It seems that the “Freemium” model works well without any long-term negative implications

You are currently viewing It seems that the “Freemium” model works well without any long-term negative implications

Faculty at Stanford Business School did a study of the “Freemium” business model which is trending now-a-days to understand more deeper layers associated with the said model.

In the “freemium” model for digital goods, a base version of a product is offered for free, while premium features are available to paying users only. The success of this model depends on converting free users to paying ones profitably, often through price promotions or “sales.” However, the impact of exposing consumers to inter-temporal price variation is uncertain. Although sales can increase short-term conversion rates, they may be harmful in the long run if consumers delay purchases until prices are low or view them as a sign of low product quality.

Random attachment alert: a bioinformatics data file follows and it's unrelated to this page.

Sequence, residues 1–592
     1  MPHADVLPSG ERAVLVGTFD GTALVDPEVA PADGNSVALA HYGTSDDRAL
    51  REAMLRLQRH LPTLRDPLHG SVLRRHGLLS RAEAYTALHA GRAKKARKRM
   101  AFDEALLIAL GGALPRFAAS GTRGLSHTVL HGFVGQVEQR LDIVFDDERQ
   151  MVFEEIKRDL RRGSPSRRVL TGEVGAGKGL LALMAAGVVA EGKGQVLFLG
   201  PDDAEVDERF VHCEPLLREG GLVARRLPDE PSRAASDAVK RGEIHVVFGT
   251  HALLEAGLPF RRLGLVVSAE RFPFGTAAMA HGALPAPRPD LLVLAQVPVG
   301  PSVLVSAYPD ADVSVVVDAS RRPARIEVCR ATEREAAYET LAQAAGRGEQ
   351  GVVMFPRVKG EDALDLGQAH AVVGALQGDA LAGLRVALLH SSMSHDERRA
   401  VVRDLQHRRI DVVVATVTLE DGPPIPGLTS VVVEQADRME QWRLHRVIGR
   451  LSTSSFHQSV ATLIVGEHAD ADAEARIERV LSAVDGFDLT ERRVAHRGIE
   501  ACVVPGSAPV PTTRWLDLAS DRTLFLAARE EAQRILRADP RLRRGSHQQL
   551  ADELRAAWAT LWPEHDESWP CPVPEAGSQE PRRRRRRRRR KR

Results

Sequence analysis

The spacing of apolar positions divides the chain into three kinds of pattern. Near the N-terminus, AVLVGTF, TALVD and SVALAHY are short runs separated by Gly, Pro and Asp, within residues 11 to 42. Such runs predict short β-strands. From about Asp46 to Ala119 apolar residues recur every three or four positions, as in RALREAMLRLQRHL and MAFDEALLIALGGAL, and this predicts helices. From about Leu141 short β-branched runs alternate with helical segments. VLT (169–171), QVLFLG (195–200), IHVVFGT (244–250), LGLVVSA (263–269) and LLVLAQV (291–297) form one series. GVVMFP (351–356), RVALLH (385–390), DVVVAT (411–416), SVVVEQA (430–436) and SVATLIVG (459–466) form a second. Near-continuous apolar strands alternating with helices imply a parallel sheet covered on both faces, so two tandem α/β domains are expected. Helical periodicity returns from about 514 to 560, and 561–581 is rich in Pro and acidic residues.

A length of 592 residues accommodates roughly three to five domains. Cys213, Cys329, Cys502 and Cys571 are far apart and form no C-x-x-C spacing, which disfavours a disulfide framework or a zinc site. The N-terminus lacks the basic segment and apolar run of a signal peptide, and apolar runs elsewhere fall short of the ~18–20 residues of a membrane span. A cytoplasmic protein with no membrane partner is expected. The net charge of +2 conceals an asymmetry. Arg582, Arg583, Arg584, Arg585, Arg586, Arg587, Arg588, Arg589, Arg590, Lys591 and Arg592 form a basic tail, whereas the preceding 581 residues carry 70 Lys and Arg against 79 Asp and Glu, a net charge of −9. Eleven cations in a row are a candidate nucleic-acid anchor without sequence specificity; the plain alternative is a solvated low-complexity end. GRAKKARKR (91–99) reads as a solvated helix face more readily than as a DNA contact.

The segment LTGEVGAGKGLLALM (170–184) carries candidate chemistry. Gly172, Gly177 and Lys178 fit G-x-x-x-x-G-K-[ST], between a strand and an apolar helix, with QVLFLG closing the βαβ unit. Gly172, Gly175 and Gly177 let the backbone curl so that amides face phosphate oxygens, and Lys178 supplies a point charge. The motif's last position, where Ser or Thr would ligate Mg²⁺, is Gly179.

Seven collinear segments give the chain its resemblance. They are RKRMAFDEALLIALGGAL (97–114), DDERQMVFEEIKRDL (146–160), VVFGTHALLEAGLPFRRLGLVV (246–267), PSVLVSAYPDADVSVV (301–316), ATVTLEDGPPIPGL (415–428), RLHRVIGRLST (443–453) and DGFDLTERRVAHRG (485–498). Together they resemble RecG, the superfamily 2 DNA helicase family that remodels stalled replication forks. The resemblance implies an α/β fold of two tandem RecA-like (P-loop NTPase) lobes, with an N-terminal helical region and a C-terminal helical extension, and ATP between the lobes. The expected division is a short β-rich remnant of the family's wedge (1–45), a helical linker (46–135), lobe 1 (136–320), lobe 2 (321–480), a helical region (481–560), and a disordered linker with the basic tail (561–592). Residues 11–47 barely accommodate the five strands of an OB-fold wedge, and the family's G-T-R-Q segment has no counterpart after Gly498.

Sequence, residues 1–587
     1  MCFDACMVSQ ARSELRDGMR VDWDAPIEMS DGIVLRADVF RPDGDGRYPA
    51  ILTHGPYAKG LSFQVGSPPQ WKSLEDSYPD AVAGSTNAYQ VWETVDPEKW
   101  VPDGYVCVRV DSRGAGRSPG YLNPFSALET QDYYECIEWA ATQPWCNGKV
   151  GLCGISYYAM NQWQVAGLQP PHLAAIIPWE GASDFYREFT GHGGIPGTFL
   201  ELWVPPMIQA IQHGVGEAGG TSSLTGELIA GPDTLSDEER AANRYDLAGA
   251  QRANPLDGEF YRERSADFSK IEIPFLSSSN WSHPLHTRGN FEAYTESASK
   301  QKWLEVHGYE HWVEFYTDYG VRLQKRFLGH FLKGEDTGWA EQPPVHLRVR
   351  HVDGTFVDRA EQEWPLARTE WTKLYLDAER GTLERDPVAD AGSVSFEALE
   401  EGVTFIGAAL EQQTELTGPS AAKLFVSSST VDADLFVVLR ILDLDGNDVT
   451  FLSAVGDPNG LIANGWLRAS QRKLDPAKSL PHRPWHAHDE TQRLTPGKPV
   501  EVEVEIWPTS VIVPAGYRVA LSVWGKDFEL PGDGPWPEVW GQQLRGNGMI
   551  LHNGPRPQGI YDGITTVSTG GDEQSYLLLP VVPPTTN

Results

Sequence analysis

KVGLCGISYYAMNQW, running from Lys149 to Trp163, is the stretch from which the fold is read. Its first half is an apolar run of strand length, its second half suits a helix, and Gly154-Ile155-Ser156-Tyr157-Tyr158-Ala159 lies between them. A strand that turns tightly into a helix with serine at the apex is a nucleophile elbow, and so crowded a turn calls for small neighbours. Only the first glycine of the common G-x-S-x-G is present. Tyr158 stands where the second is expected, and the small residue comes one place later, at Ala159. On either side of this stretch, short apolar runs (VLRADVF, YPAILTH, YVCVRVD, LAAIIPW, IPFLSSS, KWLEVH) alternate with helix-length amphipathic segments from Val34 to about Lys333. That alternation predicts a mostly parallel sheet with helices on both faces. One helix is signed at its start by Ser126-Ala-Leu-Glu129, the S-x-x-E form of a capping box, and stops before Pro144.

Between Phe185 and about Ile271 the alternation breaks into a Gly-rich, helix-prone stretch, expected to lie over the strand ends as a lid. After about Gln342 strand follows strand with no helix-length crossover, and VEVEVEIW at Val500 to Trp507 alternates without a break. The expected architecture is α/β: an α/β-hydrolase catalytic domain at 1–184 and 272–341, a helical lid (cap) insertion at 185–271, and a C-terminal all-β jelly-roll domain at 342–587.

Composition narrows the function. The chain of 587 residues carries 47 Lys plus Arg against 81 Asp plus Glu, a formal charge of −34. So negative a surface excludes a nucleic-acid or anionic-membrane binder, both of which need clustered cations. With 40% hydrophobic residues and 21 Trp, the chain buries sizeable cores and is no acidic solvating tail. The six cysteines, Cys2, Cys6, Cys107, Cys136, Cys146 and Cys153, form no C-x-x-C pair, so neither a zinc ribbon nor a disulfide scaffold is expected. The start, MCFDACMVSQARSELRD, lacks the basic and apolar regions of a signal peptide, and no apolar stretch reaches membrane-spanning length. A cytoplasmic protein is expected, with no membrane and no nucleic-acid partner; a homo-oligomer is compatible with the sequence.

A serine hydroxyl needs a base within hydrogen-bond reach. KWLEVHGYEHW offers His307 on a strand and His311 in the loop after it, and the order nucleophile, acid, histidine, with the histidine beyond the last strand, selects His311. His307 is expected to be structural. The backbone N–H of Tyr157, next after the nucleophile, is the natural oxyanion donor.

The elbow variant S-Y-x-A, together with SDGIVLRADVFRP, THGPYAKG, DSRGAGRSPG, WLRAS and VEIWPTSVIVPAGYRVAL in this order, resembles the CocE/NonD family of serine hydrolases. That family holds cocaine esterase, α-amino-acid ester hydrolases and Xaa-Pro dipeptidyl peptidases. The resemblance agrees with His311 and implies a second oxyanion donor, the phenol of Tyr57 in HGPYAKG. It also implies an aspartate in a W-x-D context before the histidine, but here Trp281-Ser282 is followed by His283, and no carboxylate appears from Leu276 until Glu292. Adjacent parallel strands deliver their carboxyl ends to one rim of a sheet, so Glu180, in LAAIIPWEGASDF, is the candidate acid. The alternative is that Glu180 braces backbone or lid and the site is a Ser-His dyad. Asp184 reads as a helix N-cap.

Researchers worked with a seller of a free-to-play video game to study the impact of promotions for in-game purchases on user behavior. The researchers randomly assigned entering cohorts of users to treatment and control conditions where promotions were turned on or off, and monitored user behavior for six months, including purchases and consumption of in-game goods. They found that conversion and revenue improved in the treatment group, and they did not observe evidence of harmful inter-temporal substitution or negative inferences about quality from exposure to price variation. The researchers suggest that the zero price of the base product, combined with the complementarity between the base product and premium features, may explain these positive results. These findings may have broader implications for the positive effects of promotions in freemium contexts.

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